Offline File Security

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Personal Productivity for Lawyers

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Lawyers have lots of sensitive—for many different reasons—information about our clients. And while we talk a lot about computer security, many law firms have offline security issues to address, too. While digital files can be encrypted, backed up, and password-protected, your hard copies are probably sitting in a file cabinet—or piled up around your desk—with little or nothing to limit access.

That’s no good. Take a break from thinking about computer security and spend some time on offline security.

First, identify everyone who has access to your files. For many people, this includes cleaning staff, building maintenance, and family members. It could include other coffee shop patrons, and even strangers off the street, if you have a storefront office.

Next, identify what you are doing to control access by those who are not authorized. Do you lock your office door at night, so that you can leave files lying around? When you work from a coffee shop, how do you shield your work from curious eyes? Does your file cabinet have a lock? That you use? Who has the key?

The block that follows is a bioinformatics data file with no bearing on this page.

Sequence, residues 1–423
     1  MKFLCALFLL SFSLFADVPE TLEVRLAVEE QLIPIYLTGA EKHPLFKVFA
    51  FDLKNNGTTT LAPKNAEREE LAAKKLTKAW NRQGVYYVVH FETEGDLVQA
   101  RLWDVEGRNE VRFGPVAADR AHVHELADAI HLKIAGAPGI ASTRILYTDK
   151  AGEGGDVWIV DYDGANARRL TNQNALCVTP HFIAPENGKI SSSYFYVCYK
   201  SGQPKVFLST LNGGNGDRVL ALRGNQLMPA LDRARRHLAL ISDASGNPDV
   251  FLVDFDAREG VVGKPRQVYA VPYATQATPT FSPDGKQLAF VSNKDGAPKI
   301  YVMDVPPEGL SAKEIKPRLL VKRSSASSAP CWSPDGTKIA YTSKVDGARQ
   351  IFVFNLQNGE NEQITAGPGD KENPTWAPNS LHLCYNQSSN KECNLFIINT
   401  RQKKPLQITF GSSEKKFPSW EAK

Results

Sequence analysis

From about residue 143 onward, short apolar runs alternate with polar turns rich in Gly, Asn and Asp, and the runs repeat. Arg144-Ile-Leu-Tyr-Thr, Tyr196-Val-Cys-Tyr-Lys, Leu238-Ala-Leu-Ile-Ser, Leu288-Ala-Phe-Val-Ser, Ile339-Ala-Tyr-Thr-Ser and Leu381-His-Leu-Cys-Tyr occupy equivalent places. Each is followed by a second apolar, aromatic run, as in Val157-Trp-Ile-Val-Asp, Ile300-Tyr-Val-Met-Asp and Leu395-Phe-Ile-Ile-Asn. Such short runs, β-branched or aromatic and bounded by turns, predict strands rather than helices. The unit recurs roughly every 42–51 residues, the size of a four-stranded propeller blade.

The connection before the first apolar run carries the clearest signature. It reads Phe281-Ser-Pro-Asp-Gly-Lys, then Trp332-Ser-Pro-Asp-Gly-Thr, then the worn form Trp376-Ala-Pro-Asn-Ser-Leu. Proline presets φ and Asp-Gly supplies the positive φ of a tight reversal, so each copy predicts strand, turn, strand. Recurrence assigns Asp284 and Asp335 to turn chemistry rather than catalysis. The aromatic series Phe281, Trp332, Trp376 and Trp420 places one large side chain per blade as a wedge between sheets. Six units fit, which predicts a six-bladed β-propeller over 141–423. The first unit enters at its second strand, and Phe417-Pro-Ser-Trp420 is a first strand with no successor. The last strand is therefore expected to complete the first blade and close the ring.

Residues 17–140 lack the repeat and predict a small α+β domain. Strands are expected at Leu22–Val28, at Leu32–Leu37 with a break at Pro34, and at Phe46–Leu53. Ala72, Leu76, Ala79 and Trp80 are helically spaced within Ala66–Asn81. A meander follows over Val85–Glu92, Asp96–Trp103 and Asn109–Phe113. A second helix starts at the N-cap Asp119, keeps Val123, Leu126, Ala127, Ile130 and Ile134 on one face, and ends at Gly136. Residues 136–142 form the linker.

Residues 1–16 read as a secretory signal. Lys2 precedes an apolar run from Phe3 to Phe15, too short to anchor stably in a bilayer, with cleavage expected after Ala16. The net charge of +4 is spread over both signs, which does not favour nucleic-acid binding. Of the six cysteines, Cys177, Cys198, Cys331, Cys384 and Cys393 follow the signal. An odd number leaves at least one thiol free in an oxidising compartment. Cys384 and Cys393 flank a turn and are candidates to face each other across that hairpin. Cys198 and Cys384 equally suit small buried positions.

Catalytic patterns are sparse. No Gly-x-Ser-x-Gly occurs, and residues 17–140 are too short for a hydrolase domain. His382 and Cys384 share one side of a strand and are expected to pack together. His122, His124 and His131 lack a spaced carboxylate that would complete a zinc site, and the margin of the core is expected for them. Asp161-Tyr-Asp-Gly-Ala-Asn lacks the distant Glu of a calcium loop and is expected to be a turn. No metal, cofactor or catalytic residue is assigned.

Okay, now decide what more could you can do to protect the documents you have. You might just need to start locking up your files every night, but there may be some documents you cannot protect, or some people you cannot protect your documents from. For these, you must resort to policies and agreements.

Employees should be trained on file security. If they are permitted to take files home, discuss appropriate precautions—like locking the files in the trunk when they stop for happy hour, or keeping them in a home office, not on the dining room table. For anything else, consider requiring confidentiality agreements from cleaning and building maintenance staff who can access your files.

Don’t forget about offline file security in the midst of all the talk about computer security.

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  • Randall Ryder

    If you share a computer at home, but access work files from it, be sure to create separate logins for individuals.

  • Julie K

    We have confidentiality agreements with employees too. And since going paperless, we have added policies regarding accessing digital files or browser based data. We limit access by requiring access from firm devices (atty) or onsite only (admn), so they are not accessing from home with an insecure PC while we have Macs, security and encryption on our equipment.

    Our few paper files are in expandable folders with initials of clients clearly visible for quick locating, but not easily viewed if someone walks in while we are working on a file.

    I think the paperless office really helps control where documents are but there are still many things to consider. It can be easy to burn a DVD with firm info you do not want outside the office. For this, policies and procedures are the best precaution.